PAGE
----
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Prove that if $A^T = -A$ is any skew -symmetric matrix, then $Q = (I-A)^{-1}(I+A)$ is an orthogonal matrix. Can you prove that (I - A) is always invertible?

How do I go on to prove this? Is it similar to proving that det(Q) = $^+_-$ 1 or that $A^T = A^{-1}$?

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Um. No, not determinant. Individual eigenvalues. The ordinary dot product of two column vectors $v,w$ is given by the matrix product $v^T w = w^T v$ because the transpose of a 1 by 1 matrix is itself. So suppose your $A$ has a real eigenvalue $\lambda,$ with an eigenvector $v.$ We have $Av = \lambda v,$ and $$ \lambda v^T v = v^T (\lambda v) = v^T (Av) = (Av)^T v = v^T A^T v = -v^T A v = - \lambda v^T v. $$ Now $v \neq 0,$ so $v^T v \neq 0.$ Thus $$ \lambda v^T v = - \lambda v^T v $$ means $\lambda = 0.$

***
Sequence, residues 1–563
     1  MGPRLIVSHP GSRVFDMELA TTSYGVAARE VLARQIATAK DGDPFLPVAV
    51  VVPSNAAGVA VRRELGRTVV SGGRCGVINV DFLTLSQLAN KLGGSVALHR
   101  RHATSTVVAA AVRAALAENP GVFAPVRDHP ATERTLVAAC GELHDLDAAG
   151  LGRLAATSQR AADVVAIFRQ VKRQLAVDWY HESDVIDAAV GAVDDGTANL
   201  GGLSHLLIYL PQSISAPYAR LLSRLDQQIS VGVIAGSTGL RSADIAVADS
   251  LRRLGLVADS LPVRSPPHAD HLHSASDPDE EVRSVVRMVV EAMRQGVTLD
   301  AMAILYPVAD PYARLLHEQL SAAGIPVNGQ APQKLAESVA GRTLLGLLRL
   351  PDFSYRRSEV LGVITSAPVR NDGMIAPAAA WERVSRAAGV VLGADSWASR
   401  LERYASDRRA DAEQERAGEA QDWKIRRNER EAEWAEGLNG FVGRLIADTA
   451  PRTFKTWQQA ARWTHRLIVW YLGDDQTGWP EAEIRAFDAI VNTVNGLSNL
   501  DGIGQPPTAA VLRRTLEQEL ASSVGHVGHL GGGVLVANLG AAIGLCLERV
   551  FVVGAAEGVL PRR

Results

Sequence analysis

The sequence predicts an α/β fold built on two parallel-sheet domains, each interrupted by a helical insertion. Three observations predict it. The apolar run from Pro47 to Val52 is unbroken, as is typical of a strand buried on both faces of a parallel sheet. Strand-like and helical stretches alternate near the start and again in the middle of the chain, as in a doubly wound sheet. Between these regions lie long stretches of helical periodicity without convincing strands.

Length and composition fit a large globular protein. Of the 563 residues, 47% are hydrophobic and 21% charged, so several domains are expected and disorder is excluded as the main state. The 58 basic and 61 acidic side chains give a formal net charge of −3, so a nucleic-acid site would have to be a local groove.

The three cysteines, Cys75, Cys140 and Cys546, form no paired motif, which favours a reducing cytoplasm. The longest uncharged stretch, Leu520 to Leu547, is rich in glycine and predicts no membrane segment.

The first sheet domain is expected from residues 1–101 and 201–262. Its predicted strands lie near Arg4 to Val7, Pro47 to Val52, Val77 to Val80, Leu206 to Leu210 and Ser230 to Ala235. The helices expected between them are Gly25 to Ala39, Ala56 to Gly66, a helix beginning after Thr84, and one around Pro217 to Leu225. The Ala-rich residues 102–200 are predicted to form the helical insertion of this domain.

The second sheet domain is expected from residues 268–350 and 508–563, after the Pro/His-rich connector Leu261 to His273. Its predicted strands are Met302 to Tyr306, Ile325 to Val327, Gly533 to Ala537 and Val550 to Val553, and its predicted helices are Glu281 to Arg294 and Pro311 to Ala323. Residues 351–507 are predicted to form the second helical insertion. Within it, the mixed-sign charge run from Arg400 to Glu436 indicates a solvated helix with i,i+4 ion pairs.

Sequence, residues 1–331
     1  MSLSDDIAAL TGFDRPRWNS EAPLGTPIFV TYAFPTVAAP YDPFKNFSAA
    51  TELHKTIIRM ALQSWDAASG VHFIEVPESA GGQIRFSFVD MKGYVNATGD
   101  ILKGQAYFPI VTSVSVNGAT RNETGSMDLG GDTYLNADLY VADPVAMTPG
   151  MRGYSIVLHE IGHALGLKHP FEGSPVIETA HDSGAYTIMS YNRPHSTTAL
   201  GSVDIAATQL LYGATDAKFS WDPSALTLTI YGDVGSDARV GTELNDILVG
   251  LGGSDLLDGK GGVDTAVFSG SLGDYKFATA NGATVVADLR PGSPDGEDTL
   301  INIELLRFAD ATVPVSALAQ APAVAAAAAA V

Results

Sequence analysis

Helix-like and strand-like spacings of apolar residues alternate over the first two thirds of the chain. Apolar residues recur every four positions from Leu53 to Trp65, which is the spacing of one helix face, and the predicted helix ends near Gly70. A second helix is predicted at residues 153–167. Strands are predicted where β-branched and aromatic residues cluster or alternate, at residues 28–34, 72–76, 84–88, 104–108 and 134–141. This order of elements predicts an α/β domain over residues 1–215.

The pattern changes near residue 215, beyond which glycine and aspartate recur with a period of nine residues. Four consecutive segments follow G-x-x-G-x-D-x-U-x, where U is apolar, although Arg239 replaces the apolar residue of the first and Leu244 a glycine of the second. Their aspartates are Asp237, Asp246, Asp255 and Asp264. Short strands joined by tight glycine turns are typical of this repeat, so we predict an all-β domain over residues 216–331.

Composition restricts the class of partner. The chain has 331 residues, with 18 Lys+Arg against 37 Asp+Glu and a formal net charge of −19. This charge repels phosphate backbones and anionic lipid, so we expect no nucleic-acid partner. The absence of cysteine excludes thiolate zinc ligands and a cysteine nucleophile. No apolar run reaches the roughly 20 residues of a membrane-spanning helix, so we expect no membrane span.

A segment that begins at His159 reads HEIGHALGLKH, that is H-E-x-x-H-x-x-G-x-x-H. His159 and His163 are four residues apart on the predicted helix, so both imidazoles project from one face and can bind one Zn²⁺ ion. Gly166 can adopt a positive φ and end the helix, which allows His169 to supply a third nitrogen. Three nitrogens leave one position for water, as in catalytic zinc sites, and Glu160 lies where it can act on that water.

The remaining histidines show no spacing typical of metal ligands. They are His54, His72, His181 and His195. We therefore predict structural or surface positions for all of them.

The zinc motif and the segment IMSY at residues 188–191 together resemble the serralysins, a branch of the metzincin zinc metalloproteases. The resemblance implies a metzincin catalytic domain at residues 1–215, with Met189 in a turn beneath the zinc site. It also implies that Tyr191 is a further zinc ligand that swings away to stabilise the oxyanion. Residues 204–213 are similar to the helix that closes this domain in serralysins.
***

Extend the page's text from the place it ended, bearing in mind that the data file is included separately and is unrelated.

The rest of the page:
So, the only possible real eigenvalue is $0.$ In particular, $1$ is never an eigenvalue, we always have $Av \neq v,$ and $(I-A)v \neq 0.$ Put more simply, $0$ is not an eigenvalue of $(I-A),$ which is thus nonsingular.

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Thank you Will, but we haven't learned eigenvalues yet. Is there any other way to prove it without eigenvalues ? –  diimension Oct 22 '12 at 2:23
    
@diimension, just write $Av=v,$ then $v^T Av = v^T v$ and see what goes wrong. That gives a proof that $Av \neq v.$ –  Will Jagy Oct 22 '12 at 2:27
    
alright, I will give it a shot. –  diimension Oct 22 '12 at 2:32
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@diimension, note this refers to real nonzero vectors, so $v \neq 0$ and $v \cdot v \neq 0$ and $v^T v \neq 0$ –  Will Jagy Oct 22 '12 at 2:38
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